Today is election day in Denmark. The Danes residing here will decide who should lead Denmark for the next four years. It is a great day for democracy, the day when people can exercise their democratic right to influence the society they wish to live in. A society better for people, better for the planet.
I have written before about my sadness that I cannot participate in this great democratic process because I am not currently a Danish citizen. When new Danish dual citizen laws commence on 1 September this year, I will be paying my 1,200 DDK fee to make my declaration that I am a Danish citizen. Then I will not only be able to vote if I reside in Denmark, I will be able to freely travel in and out of Denmark on an EU passport and I will regain my birthright as a Danish citizen.
Denmark has a unique way of keeping track of people, which is the envy of bureaucracies tied down by privacy rules, desperately trying to avoid double dipping or double handling of people’s details: The Central Person Register – or Folkeregister in Danish – a system established by law in 1924. The register is a Danish institution that registers all people born in Denmark with a Central Person Register (CPR) number consisting of six digits for their birth date plus three random digits and a control digit. If you come to Denmark to reside, you are also allocated a CPR number. This number is of crucial importance to your life in Denmark – it is you Open Sesame to everything to do with Danish bureaucracy. You use your number when visiting your doctor, paying your taxes, changing your address (done in one foul efficient sweep with automatic redirection to your new address), enrolling at university, taking books out at the library, getting a rejsekort (GoCard). It saves you from having multiple cards in your wallet and from remembering multiple random numbers that no-one else cares about, other than the particular part of bureaucracy you are trying to deal with. The number even lets you autofill your address through many commercial sites.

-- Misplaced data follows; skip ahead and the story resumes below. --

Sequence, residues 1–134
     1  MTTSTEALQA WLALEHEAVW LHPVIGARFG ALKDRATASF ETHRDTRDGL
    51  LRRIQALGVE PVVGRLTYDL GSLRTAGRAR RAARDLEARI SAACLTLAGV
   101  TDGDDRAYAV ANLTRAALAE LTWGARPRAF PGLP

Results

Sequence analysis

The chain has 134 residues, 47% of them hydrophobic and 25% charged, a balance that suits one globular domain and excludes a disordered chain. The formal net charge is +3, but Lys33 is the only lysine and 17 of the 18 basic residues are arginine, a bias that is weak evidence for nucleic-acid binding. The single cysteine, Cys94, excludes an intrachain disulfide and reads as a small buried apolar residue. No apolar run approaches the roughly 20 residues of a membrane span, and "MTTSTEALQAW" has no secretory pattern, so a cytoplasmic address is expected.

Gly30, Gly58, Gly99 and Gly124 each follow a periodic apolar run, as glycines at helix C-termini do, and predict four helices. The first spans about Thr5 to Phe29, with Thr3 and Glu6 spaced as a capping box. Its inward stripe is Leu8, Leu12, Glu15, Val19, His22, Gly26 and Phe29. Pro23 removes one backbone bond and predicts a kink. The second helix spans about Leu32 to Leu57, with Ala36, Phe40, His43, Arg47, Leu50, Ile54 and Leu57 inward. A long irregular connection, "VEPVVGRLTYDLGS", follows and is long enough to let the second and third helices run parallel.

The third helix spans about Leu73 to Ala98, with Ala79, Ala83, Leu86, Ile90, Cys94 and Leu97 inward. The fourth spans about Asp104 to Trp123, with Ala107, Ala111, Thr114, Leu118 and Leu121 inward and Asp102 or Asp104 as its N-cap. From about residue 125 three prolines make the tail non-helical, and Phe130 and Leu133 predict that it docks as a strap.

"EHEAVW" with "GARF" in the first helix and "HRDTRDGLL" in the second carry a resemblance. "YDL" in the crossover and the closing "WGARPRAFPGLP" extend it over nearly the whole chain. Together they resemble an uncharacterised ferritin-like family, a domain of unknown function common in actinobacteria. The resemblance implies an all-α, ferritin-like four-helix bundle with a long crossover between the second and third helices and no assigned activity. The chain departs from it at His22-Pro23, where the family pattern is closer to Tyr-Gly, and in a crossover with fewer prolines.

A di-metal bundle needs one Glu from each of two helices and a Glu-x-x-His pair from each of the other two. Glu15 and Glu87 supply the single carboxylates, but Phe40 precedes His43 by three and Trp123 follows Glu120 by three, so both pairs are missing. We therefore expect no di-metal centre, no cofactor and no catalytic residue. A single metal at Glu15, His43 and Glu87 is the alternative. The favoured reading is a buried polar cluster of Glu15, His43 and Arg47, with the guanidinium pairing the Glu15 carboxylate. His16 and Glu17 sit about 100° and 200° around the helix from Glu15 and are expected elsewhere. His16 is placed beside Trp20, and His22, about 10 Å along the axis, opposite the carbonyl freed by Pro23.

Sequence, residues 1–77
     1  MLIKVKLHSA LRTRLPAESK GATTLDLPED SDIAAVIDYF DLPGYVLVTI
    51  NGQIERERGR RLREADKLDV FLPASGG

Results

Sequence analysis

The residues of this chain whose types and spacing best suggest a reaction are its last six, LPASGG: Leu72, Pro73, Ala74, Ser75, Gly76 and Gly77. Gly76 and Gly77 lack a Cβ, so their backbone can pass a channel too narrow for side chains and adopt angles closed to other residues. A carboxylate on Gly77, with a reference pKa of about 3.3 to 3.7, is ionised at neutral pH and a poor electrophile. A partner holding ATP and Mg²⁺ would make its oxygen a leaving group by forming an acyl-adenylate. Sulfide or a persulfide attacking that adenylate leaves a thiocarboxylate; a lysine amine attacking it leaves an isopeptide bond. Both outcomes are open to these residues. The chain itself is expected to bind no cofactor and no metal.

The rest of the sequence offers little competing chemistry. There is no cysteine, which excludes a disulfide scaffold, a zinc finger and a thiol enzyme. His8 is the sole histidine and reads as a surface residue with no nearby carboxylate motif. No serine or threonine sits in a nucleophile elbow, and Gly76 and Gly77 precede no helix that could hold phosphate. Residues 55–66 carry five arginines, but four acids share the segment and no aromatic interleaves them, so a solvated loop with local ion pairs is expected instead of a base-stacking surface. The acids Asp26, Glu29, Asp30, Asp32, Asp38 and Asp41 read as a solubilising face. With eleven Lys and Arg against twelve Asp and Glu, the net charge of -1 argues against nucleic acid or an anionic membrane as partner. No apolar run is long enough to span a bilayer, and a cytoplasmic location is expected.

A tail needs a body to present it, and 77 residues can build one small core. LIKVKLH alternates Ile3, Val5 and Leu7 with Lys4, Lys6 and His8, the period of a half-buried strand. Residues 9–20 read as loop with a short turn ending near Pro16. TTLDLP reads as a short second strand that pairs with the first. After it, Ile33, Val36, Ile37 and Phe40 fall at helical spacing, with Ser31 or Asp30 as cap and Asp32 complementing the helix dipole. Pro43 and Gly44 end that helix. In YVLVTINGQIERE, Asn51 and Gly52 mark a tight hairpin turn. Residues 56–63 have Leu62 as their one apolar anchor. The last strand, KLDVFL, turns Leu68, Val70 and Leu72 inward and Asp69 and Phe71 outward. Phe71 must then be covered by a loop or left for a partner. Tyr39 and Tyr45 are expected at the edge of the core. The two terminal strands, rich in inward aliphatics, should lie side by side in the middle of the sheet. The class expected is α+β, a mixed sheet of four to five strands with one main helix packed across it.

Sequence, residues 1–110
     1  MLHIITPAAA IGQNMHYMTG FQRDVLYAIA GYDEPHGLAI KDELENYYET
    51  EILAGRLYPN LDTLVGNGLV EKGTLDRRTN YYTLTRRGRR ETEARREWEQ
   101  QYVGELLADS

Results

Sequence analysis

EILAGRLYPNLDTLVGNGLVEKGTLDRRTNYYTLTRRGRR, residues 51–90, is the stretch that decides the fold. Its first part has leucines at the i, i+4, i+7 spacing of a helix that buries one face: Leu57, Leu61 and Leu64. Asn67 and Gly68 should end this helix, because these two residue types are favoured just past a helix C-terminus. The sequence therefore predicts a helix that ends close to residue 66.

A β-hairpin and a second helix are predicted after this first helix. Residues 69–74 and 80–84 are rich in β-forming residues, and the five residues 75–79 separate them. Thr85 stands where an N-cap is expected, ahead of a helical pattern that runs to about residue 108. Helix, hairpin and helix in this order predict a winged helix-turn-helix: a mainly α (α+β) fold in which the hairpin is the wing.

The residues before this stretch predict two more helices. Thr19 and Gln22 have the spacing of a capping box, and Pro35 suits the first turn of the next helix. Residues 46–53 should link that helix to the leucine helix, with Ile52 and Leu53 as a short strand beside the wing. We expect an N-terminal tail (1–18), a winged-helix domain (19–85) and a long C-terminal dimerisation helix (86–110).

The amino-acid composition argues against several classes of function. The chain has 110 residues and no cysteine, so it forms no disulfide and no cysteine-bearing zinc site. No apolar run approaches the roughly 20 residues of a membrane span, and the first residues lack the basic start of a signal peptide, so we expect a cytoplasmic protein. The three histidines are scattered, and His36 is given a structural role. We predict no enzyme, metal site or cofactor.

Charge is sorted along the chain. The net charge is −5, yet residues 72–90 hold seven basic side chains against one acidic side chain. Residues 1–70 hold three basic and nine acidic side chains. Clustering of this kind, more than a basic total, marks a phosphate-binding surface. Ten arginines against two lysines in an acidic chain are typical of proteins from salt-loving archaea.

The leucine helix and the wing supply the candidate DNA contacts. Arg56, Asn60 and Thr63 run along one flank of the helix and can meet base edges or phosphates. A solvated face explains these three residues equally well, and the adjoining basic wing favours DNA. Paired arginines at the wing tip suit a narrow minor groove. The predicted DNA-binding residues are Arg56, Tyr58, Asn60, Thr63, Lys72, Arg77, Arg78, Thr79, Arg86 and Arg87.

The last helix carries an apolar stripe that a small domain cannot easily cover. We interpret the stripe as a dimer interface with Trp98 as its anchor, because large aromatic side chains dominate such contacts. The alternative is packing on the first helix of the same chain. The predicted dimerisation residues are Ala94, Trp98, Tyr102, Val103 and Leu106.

But things can go wrong. For all my rant and rave about feeling like a second class citizen and not being able to vote, Københavns Folkeregister kindly sent to me, to my registered address, a Valgkort – Election Card – inviting me to go to the nominated polling booth with the card to vote today.
For all the Danish efficiency and knowledge tied in to just one number, it seems Københavns Folkeregister made a mistake in not cross checking the data that should be against my number in their register: namely that I am a Danish citizen and therefore not entitled to vote. Perhaps the system just does not have capacity to cope with the situation where someone has relinquished their Danish citizenship and later returned to Denmark, suffering the humiliation of having to get permission to stay through family reunion with their EU citizen husband. I do admit it is odd.
Needless to say I will not take up the invite. It would be fraudulent of me to do so. But it is rewarding to think that I was invited to.
Happy election day!